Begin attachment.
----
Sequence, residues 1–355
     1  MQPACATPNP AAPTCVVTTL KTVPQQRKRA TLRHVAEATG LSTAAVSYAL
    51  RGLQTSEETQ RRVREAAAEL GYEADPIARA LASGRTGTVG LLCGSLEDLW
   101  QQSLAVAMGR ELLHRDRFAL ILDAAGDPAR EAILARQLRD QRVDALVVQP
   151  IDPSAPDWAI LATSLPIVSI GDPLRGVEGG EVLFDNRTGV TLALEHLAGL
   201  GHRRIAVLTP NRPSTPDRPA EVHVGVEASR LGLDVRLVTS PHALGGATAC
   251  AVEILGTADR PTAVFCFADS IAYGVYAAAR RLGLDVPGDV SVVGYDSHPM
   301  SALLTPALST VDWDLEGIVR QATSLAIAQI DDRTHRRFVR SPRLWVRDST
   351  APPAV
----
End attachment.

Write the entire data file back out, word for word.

Sequence, residues 1–355
     1  MQPACATPNP AAPTCVVTTL KTVPQQRKRA TLRHVAEATG LSTAAVSYAL
    51  RGLQTSEETQ RRVREAAAEL GYEADPIARA LASGRTGTVG LLCGSLEDLW
   101  QQSLAVAMGR ELLHRDRFAL ILDAAGDPAR EAILARQLRD QRVDALVVQP
   151  IDPSAPDWAI LATSLPIVSI GDPLRGVEGG EVLFDNRTGV TLALEHLAGL
   201  GHRRIAVLTP NRPSTPDRPA EVHVGVEASR LGLDVRLVTS PHALGGATAC
   251  AVEILGTADR PTAVFCFADS IAYGVYAAAR RLGLDVPGDV SVVGYDSHPM
   301  SALLTPALST VDWDLEGIVR QATSLAIAQI DDRTHRRFVR SPRLWVRDST
   351  APPAV